This post was first published in 2013. It has been updated and reposted.
Today’s topic: Neem oil
If you look up “Old School” in the dictionary, you’ll see two words:
Nope. Neem Oil.
Okay, so that’s not entirely true. But it should be. Because Neem oil – actually, the entire Neem plant – has been valued for its healing and protective powers for millenia. Its written history dates back more than five thousand years!
That’s four thousand, nine hundred seventy-one years OLDER than I am, y’all!
Native to India, the Neem plant has been known as the “Village Pharmacy” and a “Heal All,” and with good reason. Various parts of the Neem plant work as potent and scientifically proven antiseptics, anti-bacterials, anti-fungals, and even insect repellents. Where Neem is health-promoting in humans, it’s harmful to pests.
Neem chew sticks are known for their role in oral health. Neem soaps are often used for eczema, psoriasis and dandruff.
But today, I want to talk about Neem oil – the oil from Neem tree nuts.
Why? Because it’s Neem oil that has been valued for its soothing and healing affect on wounds, eczema, psoriasis, dandruff, and even lice. And it’s Neem oil that I’ve seen as extremely effective in its natural state as a holistic skin care treatment!
Neem oil is so unique, in fact, that its constituents have been suggested as potential mediators of abnormal cell growth (1), which is associated with cancer. These unique constituents are extremely difficult to replicate in a lab, making this plant oil even more interesting, and even more precious. Neem appears to affect skin profoundly at the cellular level.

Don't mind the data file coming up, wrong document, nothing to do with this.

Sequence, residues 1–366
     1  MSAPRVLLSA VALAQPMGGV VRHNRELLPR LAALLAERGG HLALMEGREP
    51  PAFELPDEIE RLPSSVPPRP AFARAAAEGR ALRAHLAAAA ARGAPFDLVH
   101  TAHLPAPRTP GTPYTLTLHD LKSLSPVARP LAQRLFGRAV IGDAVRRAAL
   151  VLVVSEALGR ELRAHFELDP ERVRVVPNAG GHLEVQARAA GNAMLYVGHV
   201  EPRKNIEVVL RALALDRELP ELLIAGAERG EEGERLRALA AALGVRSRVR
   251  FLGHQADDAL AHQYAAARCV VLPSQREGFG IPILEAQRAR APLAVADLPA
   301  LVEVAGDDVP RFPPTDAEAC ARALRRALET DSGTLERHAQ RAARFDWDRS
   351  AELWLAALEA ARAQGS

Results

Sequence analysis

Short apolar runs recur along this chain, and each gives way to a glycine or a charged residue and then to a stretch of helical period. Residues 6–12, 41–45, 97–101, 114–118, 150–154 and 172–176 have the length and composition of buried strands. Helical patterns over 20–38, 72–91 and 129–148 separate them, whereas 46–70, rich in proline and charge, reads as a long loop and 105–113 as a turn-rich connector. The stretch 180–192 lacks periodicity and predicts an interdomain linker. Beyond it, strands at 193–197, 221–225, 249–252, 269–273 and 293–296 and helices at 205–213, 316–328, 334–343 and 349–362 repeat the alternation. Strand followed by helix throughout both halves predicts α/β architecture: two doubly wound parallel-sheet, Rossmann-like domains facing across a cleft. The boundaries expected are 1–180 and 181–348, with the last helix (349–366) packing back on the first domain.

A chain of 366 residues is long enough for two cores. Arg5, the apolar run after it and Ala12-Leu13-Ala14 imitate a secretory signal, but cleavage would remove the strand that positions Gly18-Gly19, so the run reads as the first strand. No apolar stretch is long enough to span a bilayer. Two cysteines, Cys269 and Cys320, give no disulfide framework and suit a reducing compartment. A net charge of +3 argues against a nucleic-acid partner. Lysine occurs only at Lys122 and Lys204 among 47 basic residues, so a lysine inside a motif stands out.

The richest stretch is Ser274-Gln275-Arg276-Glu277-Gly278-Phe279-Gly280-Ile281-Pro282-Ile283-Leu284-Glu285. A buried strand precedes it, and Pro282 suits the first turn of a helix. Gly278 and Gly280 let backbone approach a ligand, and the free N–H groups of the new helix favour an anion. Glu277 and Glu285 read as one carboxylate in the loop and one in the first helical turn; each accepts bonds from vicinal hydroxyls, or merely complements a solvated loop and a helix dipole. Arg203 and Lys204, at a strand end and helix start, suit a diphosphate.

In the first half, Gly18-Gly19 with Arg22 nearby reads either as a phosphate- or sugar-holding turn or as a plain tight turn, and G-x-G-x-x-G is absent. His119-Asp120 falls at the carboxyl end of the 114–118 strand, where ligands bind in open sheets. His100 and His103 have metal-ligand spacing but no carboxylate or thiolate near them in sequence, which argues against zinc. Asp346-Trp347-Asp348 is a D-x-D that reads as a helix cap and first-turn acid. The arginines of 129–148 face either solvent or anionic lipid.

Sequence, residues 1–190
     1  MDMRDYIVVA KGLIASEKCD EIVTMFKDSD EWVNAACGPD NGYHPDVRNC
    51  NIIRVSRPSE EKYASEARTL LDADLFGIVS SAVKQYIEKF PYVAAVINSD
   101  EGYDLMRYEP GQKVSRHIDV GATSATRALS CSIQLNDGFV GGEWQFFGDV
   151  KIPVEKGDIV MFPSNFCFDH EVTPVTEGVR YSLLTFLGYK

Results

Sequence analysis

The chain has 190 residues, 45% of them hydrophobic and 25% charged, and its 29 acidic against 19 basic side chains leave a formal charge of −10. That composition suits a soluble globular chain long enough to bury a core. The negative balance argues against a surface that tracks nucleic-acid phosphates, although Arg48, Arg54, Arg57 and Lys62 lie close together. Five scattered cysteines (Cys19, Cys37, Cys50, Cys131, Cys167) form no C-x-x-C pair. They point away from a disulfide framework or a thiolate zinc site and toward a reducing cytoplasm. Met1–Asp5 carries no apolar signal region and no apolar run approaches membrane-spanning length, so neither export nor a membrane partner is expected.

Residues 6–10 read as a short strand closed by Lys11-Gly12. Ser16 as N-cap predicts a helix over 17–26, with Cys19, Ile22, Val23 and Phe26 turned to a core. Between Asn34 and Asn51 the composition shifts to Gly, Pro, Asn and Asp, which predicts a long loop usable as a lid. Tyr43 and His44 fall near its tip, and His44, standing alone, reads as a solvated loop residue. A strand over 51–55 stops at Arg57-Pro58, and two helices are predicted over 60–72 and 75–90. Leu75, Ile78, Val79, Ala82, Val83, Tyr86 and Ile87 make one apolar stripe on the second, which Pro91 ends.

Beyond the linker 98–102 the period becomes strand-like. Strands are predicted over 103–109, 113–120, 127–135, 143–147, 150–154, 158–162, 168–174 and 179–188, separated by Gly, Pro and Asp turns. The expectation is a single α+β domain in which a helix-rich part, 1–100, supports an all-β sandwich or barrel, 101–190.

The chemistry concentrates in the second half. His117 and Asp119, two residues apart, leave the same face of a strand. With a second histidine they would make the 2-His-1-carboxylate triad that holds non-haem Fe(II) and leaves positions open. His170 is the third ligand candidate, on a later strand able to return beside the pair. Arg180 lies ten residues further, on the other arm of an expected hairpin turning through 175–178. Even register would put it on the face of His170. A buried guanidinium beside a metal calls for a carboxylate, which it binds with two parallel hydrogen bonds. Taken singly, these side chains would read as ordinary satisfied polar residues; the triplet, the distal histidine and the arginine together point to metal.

Oh, and one more thing. Neem smells. A lot.
Those special anti-inflammatory, anti-fungal, anti-septic components are what makes Neem amazing – but they’re also inherently bitter, which is reflected in Neem’s smell. It’s strong, and takes some getting used to – but Neem has such a far-reaching impact on such a wide variety of skin complaints that, for most, it’s truly worth it.
You can certainly dilute Neem with other oils; in fact, my preferred seller uses a solution of 15% olive oil to 85% Neem to enable the oil to flow.
Suggested use: topical only, applied directly (at full concentration or desired dilution) to areas of irritation or blemish when needed. A drop of Neem is excellent as a natural acne spot treatment, and I am also impressed with its ability to soothe psoriasis and eczema.
Soaps, creams and treatments using Neem as an ingredient can be effective, but be sure the other ingredients are “clean” – make sure they’re clear of my Ingredients to Avoid list.
1. Azadirachtin Interacts with Retinoic Acid Receptors and Inhibits Retinoic Acid-mediated Biological Responses
2. Neem – Medicinal and Aromatic Plants
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